"I'm very interested in how our lives will be simplified by that," he added.

As for the outcome of this year's F1 title battle, Rosberg said of Lewis Hamilton and Sebastian Vettel: "Both of them are good mentally, but Sebastian is also strong in unfavorable situations, as we saw in Baku.

"As for Lewis it is always interesting to see how he gets to the track — whether he's at 100 per cent or just at 95. But it will be a very good second half of the season and I hope that it's a huge battle at the last race."

Boutsen tells Vandoorne to have 'patience'

Patience lad
Patience lad

(GMM) Former F1 driver Thierry Boutsen has backed Belgian countryman Stoffel Vandoorne to have a good career despite his very bad start with McLaren.

The three-time grand prix winner achieved his success with Williams, but he says it "hurts" to see McLaren suffering with its Honda power at present.

"If you like formula one, it hurts to see where they are," Boutsen told the Dutch publication Formule 1.

"But Stoffel must persevere. As a driver you have to block out the rear view mirror because you have to always look ahead," said Boutsen, who is now 60.

"He still has time. He's only 25 and my first victory also took time. But I knew from the start 'Give me a good car and you'll hear the Belgian anthem'," he added.

"So he must have patience. From what I saw in the lower classes I can say confidently that Stoffel has the potential to be world champion."

Boutsen said Vandoorne's place on the grid is already a testament to his talent, given the difficulty for Belgians to break into top-level motor racing.

"For Belgians it is so much harder to get to F1," he confirmed.

"Belgium has no big sponsors, so you have to do it all alone. I know it well, as at Williams I was better than my teammate Riccardo Patrese but as an Italian he was commercially more interesting.

"And another sponsor, Labatt, wanted a driver for the British market, which was Nigel Mansell. As a Belgian you always have to show more than an Englishman, Italian or German," Boutsen insisted.

Hembery wants 'regionalized' F1 calendar

Paul Hembery
Paul Hembery

(GMM) Former Pirelli F1 boss Paul Hembery thinks the sport's calendar should be "regionalized".

While the Briton is now the Italian tire maker's boss of Latin America, he backed new F1 owner Liberty Media's push to continue to globalize the sport.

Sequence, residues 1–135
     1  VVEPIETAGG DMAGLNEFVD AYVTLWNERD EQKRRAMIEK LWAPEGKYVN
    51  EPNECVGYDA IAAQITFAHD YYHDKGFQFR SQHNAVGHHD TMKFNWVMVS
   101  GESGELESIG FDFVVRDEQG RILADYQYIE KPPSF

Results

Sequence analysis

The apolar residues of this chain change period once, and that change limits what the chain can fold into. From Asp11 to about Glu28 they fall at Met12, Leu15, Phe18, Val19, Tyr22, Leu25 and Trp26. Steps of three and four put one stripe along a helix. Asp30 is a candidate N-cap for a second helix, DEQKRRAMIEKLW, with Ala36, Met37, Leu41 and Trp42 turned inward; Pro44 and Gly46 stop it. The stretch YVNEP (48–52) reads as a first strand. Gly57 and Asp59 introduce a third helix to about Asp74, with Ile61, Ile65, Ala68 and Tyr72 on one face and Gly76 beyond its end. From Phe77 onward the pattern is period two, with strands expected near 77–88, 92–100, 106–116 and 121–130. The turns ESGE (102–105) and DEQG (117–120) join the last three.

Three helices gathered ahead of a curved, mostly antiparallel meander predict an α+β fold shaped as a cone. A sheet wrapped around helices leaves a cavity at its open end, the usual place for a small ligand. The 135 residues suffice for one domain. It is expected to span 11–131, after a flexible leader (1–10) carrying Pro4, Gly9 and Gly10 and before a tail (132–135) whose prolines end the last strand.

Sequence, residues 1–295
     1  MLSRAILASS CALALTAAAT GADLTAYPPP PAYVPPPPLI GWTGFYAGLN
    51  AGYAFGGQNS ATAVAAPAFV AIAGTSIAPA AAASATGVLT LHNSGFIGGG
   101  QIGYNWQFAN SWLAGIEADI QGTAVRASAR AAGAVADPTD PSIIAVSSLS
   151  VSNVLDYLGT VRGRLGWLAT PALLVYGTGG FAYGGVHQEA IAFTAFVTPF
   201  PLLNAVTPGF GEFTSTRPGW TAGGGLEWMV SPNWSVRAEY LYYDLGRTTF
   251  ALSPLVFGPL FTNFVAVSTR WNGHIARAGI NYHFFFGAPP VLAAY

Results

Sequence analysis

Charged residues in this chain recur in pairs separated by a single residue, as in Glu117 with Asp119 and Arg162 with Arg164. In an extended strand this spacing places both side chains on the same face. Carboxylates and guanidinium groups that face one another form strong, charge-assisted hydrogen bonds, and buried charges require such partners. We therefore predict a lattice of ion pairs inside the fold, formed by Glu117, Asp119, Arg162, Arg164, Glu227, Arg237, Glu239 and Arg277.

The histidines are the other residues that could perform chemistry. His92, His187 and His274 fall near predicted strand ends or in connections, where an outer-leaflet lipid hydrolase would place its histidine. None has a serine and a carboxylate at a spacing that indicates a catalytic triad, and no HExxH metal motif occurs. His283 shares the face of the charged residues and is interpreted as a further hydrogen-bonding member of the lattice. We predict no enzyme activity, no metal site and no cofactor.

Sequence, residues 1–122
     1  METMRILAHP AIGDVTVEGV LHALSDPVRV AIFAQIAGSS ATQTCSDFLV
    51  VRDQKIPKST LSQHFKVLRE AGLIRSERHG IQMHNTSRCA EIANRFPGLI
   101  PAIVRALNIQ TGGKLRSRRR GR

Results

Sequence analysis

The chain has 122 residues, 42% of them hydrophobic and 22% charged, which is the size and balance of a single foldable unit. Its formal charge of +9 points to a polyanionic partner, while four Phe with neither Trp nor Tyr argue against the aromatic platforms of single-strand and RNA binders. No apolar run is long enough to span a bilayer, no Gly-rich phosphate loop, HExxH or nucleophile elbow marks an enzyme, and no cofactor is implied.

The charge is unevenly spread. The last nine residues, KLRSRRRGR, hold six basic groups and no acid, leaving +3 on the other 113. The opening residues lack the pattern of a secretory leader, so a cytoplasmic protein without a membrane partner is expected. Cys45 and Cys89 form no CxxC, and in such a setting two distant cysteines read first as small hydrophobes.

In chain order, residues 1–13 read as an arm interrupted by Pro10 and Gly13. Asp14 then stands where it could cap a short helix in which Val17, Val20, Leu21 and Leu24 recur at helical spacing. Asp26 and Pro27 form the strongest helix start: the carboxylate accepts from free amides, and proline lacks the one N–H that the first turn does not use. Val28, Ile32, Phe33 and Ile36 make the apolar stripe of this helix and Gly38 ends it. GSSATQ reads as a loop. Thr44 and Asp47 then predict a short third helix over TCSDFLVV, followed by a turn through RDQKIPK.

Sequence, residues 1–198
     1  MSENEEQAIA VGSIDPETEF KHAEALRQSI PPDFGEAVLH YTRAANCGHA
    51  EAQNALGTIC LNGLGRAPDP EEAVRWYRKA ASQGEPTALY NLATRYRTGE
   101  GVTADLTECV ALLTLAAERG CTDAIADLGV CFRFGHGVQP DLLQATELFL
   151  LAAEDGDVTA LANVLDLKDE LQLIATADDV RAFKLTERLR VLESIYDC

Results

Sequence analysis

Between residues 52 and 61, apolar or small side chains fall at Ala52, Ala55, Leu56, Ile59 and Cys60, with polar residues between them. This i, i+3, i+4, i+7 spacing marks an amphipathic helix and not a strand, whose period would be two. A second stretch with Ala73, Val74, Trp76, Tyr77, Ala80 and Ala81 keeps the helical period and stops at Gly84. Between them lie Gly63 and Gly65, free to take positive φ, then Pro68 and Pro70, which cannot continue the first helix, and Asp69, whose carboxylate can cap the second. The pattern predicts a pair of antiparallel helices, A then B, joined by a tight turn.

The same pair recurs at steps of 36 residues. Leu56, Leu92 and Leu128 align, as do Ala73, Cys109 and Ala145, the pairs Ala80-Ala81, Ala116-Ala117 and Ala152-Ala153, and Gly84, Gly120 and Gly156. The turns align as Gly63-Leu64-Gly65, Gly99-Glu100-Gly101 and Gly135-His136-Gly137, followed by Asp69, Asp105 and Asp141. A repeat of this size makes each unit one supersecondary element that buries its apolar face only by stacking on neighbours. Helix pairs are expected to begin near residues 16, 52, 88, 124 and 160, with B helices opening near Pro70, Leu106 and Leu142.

"If we increase the number of races, we should regionalize them," he told Auto Motor und Sport.

"So one block in Europe, one in America, another in Asia. It would reduce the travel stress, and bring formula one closer to the region because they will have a 'season within the season' for a few months in their region.

"Our research has shown that many people struggle to follow F1 throughout the year when one start is in the afternoon and the next is at midnight. A question I often hear from fans is 'Is there a race on this weekend?'

"For instance, we could have eight races on consecutive weekends, and then another month's break to breathe," he proposed.

Force India wants imminent Perez deal

Force India wants Perez to hand over his huge Carlos Slim check now
Force India wants Perez to hand over his huge Carlos Slim check now

(GMM) A new Force India deal for Sergio Perez could now be imminent.

The Mexican flirted with a move to Renault for 2017 but instead re-committed to Force India.

He said he is happy with his choice.

"I think the team has been moving forwards every year," said Perez.

"There is a lot more interest in terms of sponsorship into the team but it's not easy to make the next step with the big boys.

"In terms of my future, I just hope that once I come back after the summer break, I can have a new contract."

And Force India's sporting boss Otmar Szafnauer told Auto Motor und Sport: "I am confident that we will reach agreement with Checo before the end of the summer break."

And if not, he answered: "Then we will look on the market for alternatives."

Raikkonen tips strong future for Leclerc

Leclerc will probably replace Raikkonen in a couple of years
Leclerc will probably replace Raikkonen in a couple of years

(GMM) Kimi Raikkonen has tipped a strong future for Ferrari junior Charles Leclerc.

Monaco-born Leclerc, 19, is dominating the former GP2 series Formula 2 this year and he recently impressed at the wheel of Ferrari's 2017 car at the post-Hungary GP test.